It sure has been a nice ride. The U.S. stock market has not suffered a correction, or a pullback of more than 10 percent, in the 855 calendar days, and counting, since October 3, 2011. That streak, while still not in imminent peril, looks increasingly likely to end sometime soon.
January was the weakest month for both the Standard & Poor’s 500-stock index and the Dow Jones industrial average since May 2012. So far, February doesn’t look any better. On Monday, the S&P 500 and the Dow Jones industrial average each had their worst day since last June. The S&P tumbled 2.3 percent, finishing at its lowest level since October, while the Dow plunged about 2.1 percent on the heels of a worse-than-expected report on manufacturing activity in the U.S. in January.
“To a large extent, what’s really driving the market is the fact that it’s been two years since we’ve had a 10 percent pullback,” says Scott Wren, senior equity strategist at Wells Fargo Advisors.
Sentiment has clearly turned along with the calendar. At the start of the year, three quarters of investors surveyed by the American Association of Individual Investors said they were “bullish,” Jack Ablin, chief investment officer of BMO Private Bank, wrote to clients last week. Now, a relatively high portion of individual investors call themselves “neutral,” meaning they don’t know what to expect from the markets.
Coming off a year in which it sailed nearly 30 percent higher, the S&P 500 has now lost 5.8 percent in 2014. The Dow Jones industrial average has fallen 7.26 percent from its record high reached on the final day of last year. So while we’re not in correction territory just yet, the bulls have clearly been due for a breather — and global economic questions are providing plenty of reasons for that break to come now.
“What a difference a new year has made so far,” says Ablin. “We’ve had this rude and abrupt about-face. A lot of it is probably precipitated by a combination of grim headlines from the emerging markets, disappointing economic results here at home and a market that, frankly, started the year relatively overvalued.”
The Federal Reserve has made clear it is serious about continuing to reduce its rate of monthly bond purchases, announcing last week it would take another step in its tapering and cut the amount it buys by another $10 billion, to $65 billion. Concerns about the pace of growth in China, fueled by disappointing data, have injected uncertainty into the global economic outlook and spurred tumultuous selloffs in emerging market currencies. Those factors have all combined to inject more volatility into the market. The Chicago Board Options Exchange Volatility Index, or VIX, jumped 16 percent Monday to its highest close since December 2012.
“The combination of lower currency values, declining commodity prices and rising interest rates make further emerging market weakness increasingly likely. Consequently, investors seem to be less willing to take risk across many parts of the globe,” Gary Thayer, chief macro strategist at Wells Fargo Advisors, wrote to clients on Monday. “We believe decreased appetite for risk could weigh on global equity markets for another month or two until it becomes clear which countries will do better than others in this environment.”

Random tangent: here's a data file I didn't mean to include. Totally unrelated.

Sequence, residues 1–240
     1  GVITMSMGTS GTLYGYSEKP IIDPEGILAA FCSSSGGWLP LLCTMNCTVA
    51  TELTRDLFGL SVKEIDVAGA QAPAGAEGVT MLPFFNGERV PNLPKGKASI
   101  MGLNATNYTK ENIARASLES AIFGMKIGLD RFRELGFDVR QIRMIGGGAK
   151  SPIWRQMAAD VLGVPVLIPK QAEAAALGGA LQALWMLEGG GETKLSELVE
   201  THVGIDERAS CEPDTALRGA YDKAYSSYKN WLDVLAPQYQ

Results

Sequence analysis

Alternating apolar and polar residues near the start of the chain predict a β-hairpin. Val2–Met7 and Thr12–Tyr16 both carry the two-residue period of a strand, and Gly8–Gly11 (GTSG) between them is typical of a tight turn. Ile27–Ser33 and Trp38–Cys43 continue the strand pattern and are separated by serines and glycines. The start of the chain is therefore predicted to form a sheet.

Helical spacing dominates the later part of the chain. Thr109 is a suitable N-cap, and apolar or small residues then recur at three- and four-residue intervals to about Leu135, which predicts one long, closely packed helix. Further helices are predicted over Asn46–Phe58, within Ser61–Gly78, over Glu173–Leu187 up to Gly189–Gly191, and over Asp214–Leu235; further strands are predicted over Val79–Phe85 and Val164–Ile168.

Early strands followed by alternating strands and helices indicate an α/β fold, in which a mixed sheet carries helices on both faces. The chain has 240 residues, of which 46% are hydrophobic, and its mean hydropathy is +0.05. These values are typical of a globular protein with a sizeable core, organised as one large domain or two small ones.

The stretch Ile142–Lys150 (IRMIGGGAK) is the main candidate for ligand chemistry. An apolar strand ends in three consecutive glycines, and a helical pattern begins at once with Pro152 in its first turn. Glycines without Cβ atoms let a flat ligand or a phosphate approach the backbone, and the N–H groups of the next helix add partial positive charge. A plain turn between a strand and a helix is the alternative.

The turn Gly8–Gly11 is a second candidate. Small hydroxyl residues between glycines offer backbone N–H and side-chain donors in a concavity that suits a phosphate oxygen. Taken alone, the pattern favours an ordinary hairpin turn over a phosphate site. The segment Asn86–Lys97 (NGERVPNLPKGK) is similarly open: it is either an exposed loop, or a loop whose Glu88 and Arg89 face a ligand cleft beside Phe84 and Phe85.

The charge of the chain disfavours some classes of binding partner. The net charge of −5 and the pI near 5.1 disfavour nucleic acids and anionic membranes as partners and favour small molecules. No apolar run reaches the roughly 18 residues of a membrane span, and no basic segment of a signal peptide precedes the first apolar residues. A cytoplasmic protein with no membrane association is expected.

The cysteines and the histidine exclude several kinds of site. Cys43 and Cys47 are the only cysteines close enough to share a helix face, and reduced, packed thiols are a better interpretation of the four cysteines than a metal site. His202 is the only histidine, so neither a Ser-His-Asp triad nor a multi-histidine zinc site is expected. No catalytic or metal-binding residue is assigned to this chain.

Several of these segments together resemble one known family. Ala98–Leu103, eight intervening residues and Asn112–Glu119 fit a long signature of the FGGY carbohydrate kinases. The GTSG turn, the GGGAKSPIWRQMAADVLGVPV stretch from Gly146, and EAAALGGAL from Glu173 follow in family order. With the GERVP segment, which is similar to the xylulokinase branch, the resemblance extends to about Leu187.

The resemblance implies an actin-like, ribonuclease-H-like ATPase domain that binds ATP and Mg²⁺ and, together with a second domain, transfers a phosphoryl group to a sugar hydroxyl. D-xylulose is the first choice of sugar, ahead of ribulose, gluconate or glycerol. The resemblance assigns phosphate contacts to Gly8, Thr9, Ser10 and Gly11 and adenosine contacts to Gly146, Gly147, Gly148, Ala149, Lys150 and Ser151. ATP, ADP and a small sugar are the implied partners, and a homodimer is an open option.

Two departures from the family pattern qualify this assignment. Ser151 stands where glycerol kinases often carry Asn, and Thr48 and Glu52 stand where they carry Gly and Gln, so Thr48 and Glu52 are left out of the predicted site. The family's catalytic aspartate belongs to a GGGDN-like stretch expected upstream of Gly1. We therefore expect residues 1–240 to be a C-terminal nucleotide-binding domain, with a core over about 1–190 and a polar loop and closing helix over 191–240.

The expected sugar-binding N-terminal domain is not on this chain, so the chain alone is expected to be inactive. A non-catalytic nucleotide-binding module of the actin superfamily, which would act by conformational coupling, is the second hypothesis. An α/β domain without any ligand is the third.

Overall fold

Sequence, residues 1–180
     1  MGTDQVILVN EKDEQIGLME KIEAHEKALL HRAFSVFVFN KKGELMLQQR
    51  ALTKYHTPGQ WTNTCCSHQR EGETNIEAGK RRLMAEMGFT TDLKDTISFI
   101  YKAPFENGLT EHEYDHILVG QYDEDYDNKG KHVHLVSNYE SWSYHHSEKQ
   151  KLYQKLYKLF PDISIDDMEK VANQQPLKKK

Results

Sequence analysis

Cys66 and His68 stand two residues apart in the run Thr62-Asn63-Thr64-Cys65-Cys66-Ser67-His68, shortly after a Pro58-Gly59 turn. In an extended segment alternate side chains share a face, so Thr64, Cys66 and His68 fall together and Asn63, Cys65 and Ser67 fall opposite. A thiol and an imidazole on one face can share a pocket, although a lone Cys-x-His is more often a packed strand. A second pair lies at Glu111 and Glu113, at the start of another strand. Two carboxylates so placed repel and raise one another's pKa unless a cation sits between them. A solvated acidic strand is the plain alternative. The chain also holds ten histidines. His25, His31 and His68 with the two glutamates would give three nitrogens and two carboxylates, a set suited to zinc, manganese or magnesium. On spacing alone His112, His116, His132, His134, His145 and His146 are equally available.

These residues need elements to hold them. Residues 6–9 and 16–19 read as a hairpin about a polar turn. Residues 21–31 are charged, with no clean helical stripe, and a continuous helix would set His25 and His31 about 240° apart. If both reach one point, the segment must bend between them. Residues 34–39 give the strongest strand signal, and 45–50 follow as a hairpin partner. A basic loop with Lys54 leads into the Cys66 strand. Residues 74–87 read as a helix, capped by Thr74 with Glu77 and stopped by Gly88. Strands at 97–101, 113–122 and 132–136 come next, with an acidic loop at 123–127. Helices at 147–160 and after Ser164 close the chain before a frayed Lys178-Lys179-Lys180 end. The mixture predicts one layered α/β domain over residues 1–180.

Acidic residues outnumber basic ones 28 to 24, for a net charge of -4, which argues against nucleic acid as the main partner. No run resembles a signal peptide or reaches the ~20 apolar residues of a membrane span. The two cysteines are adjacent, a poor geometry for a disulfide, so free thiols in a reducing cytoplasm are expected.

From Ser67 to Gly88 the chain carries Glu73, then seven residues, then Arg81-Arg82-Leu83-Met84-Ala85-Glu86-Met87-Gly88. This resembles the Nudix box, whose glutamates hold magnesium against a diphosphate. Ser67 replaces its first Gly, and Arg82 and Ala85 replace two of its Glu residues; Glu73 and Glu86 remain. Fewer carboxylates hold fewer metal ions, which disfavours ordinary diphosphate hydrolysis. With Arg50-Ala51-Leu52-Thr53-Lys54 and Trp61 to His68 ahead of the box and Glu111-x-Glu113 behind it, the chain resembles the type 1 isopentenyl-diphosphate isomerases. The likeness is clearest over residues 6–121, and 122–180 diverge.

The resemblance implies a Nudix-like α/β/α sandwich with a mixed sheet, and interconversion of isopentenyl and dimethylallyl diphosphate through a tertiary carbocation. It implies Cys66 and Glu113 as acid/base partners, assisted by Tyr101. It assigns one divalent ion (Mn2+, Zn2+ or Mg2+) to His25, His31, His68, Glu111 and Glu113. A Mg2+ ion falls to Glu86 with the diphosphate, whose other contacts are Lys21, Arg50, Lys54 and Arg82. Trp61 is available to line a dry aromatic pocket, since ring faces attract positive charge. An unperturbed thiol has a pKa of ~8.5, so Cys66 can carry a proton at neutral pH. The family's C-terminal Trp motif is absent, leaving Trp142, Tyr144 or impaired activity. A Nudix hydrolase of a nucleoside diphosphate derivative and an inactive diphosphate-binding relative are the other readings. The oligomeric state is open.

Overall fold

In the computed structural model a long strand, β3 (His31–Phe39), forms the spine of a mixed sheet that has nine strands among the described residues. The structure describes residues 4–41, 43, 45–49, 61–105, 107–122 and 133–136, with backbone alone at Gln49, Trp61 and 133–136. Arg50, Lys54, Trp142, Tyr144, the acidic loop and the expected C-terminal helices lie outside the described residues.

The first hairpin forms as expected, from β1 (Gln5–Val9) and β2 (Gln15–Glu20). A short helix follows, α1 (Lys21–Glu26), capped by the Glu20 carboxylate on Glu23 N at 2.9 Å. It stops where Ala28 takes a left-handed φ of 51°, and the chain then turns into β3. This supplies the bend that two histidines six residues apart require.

The larger fears lingering over the market have overshadowed company-specific developments, David Kostin, chief U.S. equity strategist at Goldman Sachs, wrote in a recent note to clients. The market slump has continued since earnings season started on Jan. 9, but that isn’t necessarily because investors have been disappointed with the quarterly results being revealed. “Amazingly,” the Bespoke Investment Group pointed out in a blog post Monday, “the average stock that has reported so far this season has gained 0.39 percent on its report day.” That’s unusual in this kind of market environment, and it signals that investors are more attuned to big-picture risks and broad economic data than to corporate results.
“Unfortunately, macro factors have been outweighing the good micro news and investors are just unwilling to own stocks in general right now,” Bespoke’s analysts wrote Monday. “Earnings are the ultimate driver of stocks, and in our view, the fact that stocks are going up on their report days this season is a good sign for the long-term health of this market.”
Many market-watchers expect the recent volatility to continue, so investors may need to let the relatively placid pace of the recent rally fade from memory. Yet Wren of Wells Fargo Advisors says his firm has been telling clients that the volatility represents opportunity.
“We want them to continue to play the global economic recovery, which we think will continue at a modest pace,” he says, adding that Wells Fargo Advisors is most bullish on the consumer discretionary, technology and industrial sectors. “You don’t want to hide. You don’t want to get defensive. You want to look for sectors and industry groups and, ultimately, stocks that are sensitive to the global economy and have some exposure there. They’ll certainly have taken it on the chin in this pullback, and that’s where you need to step in and do some buying.”
Meanwhile, don’t look at your portfolio until further notice — at least not without a double Patron straight up.
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